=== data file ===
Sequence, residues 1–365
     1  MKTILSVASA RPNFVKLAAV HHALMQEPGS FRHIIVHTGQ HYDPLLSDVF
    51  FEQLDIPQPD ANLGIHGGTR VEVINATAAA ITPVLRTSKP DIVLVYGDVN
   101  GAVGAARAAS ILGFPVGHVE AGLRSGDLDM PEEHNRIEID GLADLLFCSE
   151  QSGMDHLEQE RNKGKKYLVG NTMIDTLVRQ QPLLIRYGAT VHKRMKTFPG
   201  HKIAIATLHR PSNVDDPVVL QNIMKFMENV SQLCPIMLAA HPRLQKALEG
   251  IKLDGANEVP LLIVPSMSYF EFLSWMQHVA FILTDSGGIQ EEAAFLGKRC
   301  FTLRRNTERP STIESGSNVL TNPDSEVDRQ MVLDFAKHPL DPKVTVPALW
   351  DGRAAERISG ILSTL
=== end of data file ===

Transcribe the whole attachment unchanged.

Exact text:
Sequence, residues 1–365
     1  MKTILSVASA RPNFVKLAAV HHALMQEPGS FRHIIVHTGQ HYDPLLSDVF
    51  FEQLDIPQPD ANLGIHGGTR VEVINATAAA ITPVLRTSKP DIVLVYGDVN
   101  GAVGAARAAS ILGFPVGHVE AGLRSGDLDM PEEHNRIEID GLADLLFCSE
   151  QSGMDHLEQE RNKGKKYLVG NTMIDTLVRQ QPLLIRYGAT VHKRMKTFPG
   201  HKIAIATLHR PSNVDDPVVL QNIMKFMENV SQLCPIMLAA HPRLQKALEG
   251  IKLDGANEVP LLIVPSMSYF EFLSWMQHVA FILTDSGGIQ EEAAFLGKRC
   301  FTLRRNTERP STIESGSNVL TNPDSEVDRQ MVLDFAKHPL DPKVTVPALW
   351  DGRAAERISG ILSTL